Two Years, a Lifetime, and Yesterday

It’s December 30th.

Two years ago today, I woke up not knowing that my life was about to change. I didn’t know that in a few hours, the fire alarm would go off, and it wouldn’t be a false alarm. I didn’t know that I’d have to get my kids out of our burning home and stand on the corner with them and watch black smoke pour out of our house while none of us knew what would happen next.. I didn’t know I’d be making my first ever 9-1-1 call. I didn’t know we’d be leaving our house for almost a year. I didn’t know I’d spend the next few days counting my kids, making absolutely sure I’d gotten them all out.

It’s funny—it’s almost hard to remember a time when I didn’t know those things. This whole thing has been so consuming and intense that it feels like “the fire” has been a thing that’s been there my whole life. There’s a “before the fire,” and there’s an “after the fire,” but there isn’t a “never was a fire.” In this way, I find myself wondering, “Has it really only been two years?”

But at the same time, I can’t help but think, “Has it been two years already?” In some ways, it feels so recent and raw. I’m nervous around fire, even in a fireplace. I force myself to light candles (occasionally) because it makes me feel brave. I sometimes imagine that I can smell something burning, especially when I’m feeling particularly anxious. My heart doesn’t start racing at any loud beeping noise anymore, but it does start racing when I think about the (admittedly slight) possibility of it happening again. It’s way too easy to imagine scenarios now: a dish rag on the gas stove; food left in the oven; an electrical problem; a candle I didn’t blow out. I know what our home looks like, sounds like, and smells like when it’s charred and black. My mind can go there in an instant.

It was yesterday. It was a lifetime ago. It was two years ago.

Regardless of how long ago it was or how long ago it feels like it was, the whole thing is just a part of our family now. It’s had an impact, whether large or small, on every day of our lives for the past two years, and I have no doubt it will keep affecting us in the future.

Someday, I need to sit down and really process and work through all the things I’ve felt, thought, and learned because of “the fire.”

I know that I’ve felt everything from proud and capable (I did save my kids from a burning building, after all) to ashamed and embarrassed (how did I let this happen? Why wasn’t I better prepared? Why am I not better prepared, even now?).

I know that it’s made me think about everything from how much I value our possessions (and whether or not it’s wrong to value your possessions) to what it means to have a “home.”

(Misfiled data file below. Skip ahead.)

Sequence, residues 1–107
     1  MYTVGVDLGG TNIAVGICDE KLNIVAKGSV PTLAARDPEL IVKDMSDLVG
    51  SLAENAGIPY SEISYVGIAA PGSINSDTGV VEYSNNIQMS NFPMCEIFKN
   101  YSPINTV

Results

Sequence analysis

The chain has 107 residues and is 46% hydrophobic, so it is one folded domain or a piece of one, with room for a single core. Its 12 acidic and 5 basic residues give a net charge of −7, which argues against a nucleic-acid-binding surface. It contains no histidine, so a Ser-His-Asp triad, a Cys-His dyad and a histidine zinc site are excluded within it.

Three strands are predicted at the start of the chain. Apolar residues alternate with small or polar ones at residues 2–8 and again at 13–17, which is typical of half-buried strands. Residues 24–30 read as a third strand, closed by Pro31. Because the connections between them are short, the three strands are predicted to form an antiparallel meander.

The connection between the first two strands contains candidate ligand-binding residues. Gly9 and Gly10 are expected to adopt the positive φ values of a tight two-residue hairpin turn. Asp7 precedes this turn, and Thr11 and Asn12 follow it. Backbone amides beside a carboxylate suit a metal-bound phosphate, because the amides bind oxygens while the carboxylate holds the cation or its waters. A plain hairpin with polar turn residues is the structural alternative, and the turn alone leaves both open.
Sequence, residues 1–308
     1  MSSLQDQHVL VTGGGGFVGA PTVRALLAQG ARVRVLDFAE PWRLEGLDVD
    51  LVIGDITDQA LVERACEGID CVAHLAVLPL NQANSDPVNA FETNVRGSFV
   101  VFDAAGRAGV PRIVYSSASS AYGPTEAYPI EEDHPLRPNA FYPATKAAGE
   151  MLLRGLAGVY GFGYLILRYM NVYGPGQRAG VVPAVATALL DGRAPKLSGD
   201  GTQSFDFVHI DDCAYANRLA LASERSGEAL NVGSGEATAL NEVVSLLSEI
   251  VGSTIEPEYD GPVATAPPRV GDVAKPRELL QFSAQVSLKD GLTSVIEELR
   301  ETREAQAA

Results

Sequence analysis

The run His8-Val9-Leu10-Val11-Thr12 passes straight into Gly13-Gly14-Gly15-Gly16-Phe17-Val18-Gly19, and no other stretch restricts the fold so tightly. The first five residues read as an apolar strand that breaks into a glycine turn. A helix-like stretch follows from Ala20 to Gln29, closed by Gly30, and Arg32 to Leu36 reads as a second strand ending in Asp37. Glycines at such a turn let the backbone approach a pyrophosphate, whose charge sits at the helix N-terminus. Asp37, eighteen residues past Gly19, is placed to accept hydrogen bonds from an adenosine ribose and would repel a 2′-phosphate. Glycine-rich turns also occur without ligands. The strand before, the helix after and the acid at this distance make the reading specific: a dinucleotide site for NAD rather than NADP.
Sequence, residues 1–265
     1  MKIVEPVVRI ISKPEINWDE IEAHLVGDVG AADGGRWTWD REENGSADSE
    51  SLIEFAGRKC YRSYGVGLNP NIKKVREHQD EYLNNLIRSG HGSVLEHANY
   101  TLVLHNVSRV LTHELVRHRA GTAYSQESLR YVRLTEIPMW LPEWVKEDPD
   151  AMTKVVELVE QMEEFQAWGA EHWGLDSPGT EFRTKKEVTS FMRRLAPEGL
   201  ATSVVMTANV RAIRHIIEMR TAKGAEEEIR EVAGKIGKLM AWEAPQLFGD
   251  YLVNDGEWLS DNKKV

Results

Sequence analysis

I know that I’ve learned everything from how dangerous house fires can be (really, really dangerous), to how good people can be (really, really good), to how expensive it can be to rebuild and redecorate your entire house (really, really expensive).

But sometimes it feels like I haven’t really gone there, like I haven’t really let myself feel and think and learn all those things on a truly deep level. Maybe I’m scared of what it’ll bring up. Maybe with all the “life” going on, I just haven’t had the time or energy to do any significant amount of thought work on the topic.

Maybe I just have to have patience, and recognize that something like this does change you overnight, but it also changes you over time. (Which is maybe why it feels like it happened both yesterday and a lifetime ago. Light bulb moment!)

Since the day the fire happened, I’ve thought a lot about how I want to handle the whole thing. And the biggest thing I’ve thought of, over and over again, is that I want to be grateful.

I want to be grateful for what didn’t happen. I want to be grateful for all the help we’ve been given. I want to be grateful for everything we have. I want to be grateful for our home.

Grateful for life experience.
Grateful for chocolate.
Grateful for good books.
Grateful for therapy.
Grateful for family pictures.
Grateful for firefighters.
Grateful for faith and religion.
Grateful for a wardrobe.
Grateful for smoke alarms.
Grateful for insurance.
Grateful for friends.
Grateful for family.
Grateful for my kids.
Grateful for Dallin.

I’m not going to lie: I don’t feel grateful for all these things, all the time. Sure, I do when I think about it, but it would be a stretch to say that my attitude on a daily basis reflects the level of gratitude I think all of these things deserve.

But I think that level of gratitude is a worthwhile goal. And you know what? If “the fire” ultimately helps me to be a more grateful person, then maybe I should feel grateful for “the fire” itself, too.

Maybe. And maybe I’ll get there, one day.

Maybe tomorrow. Maybe in a lifetime. Or maybe in two more years.

I guess we’ll see.